Reading materials on plan, market and democracy

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Plan, market and democracy:
a balance sheet of the Stalinist centrally ‘planned’ societies, what do we mean by our project for socialist democracy? How much room for the market? What representation of the people? What is socialist ‘governance’?

Reclaim the Commons

What (eco)socialism/communism in the 21st Century ?

Outline Catherine Samary

• There are no recipes or complete models of 21st Century socialism ; an essential part of the answers must be invented through the struggles and in relation to the context which is often new and specific, taking into account the relationship of forces and the experiences (not the same on each continent, in each country …). Socialism is prepared by the fights against the system, not by inventing models. • But we have also to assimilate the “living memory” of the struggles and of past alternative experiences, clarify what has become incomprehensible through defeats, avoid confusion of concepts, learn from failures, develop some central ideas on what we want and can put forward ( starting from real experiences …).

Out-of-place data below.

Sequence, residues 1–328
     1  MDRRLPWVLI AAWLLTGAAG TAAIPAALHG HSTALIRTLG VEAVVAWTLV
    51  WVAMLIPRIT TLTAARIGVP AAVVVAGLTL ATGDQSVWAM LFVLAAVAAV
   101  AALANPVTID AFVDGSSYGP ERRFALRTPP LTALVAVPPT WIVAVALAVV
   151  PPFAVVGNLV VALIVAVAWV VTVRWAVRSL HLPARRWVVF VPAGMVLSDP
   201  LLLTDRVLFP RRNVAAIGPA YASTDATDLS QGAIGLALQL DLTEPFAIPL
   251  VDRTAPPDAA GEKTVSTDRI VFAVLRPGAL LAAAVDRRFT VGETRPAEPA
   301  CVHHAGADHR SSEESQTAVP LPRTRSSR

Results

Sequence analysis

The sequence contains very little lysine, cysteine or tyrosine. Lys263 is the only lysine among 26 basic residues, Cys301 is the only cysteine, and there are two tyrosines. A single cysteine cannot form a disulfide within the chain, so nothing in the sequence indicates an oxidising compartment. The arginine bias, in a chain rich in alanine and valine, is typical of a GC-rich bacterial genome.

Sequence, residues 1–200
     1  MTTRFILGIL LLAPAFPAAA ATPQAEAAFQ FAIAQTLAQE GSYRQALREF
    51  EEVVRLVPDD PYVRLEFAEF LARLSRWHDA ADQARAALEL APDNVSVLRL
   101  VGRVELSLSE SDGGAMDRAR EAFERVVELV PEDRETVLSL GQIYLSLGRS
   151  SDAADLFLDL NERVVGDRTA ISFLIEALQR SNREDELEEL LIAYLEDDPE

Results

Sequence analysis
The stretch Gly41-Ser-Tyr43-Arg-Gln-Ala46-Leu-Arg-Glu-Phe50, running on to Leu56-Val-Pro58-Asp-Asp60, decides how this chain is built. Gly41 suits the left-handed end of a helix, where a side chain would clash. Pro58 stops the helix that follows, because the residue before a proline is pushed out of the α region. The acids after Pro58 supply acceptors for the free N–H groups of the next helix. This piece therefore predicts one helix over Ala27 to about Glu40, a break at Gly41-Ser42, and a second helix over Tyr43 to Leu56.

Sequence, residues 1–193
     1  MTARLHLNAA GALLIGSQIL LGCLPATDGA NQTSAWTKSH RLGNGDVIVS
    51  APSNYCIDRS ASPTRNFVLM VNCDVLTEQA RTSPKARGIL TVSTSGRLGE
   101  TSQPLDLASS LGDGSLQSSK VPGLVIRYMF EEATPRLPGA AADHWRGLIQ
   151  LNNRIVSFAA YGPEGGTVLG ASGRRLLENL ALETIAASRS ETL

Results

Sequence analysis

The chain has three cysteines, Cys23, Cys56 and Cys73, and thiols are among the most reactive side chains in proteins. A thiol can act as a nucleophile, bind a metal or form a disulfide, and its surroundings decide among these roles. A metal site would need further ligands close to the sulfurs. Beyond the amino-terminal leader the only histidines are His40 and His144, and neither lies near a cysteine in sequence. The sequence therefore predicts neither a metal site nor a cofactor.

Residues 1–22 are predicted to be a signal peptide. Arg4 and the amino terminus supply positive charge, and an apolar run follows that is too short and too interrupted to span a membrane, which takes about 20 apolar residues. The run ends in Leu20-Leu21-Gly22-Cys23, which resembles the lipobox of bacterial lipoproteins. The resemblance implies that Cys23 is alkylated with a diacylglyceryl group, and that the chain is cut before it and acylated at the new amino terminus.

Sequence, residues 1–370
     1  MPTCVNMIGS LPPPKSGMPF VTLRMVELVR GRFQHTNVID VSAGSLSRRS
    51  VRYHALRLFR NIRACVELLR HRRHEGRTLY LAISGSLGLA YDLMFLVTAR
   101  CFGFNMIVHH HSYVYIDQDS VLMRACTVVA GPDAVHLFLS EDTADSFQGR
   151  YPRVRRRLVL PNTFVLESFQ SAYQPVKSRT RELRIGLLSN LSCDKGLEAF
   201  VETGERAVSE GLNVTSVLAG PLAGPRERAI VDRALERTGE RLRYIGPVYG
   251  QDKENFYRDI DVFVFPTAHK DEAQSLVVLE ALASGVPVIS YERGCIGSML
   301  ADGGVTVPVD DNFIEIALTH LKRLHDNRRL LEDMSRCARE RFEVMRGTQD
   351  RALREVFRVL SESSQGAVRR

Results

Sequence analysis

We will discuss these challenges starting from three ways of looking at them.

A) History:
the appropriation of the history of the resistance and of the alternative projects by the dominated people – an essential political question against the organized loss of memory.
B)The concepts:
communism/socialism; market, plan, private/public ownership; self management. Exposing human relations and purposes behind these concepts – against opacity and the obliteration of the real purpose.
C) Relevance of socialism in the current struggles

the ownership by the dominated of the history of resistance and of alternative projects – a fundamental political question against programmed funerals

1°) A new historical period, new generations … but

○ can we change the world without the capacity of interpreting history?
Importance of the understanding of the revolutionary attempts and failures in a radical anti-imperialist and emancipatory perspective;

○ the logic of “a clean sweep of the past” comes mainly from the enemies of any anticapitalist project; the ideology of the ‘end of history’ with the collapse of the Berlin wall and the end of the Soviet-Union

2°)The living memory of the struggle and the alternatives (on each continent and each society)
= a political and democratic issue

a) Universal rise of memory requirements of the history of those without a voice, slaves, peasant revolts, women's struggles, indigenous peoples, colonized, the losers of history Walter Benjamin … a history with ‘holes’, with conflicts and ‘crossroads’
b) After the collapse of the Berlin wall and the end of the Soviet-Union (1989-1991), new ‘official’ history, new censure ship in the so called ex socialist countries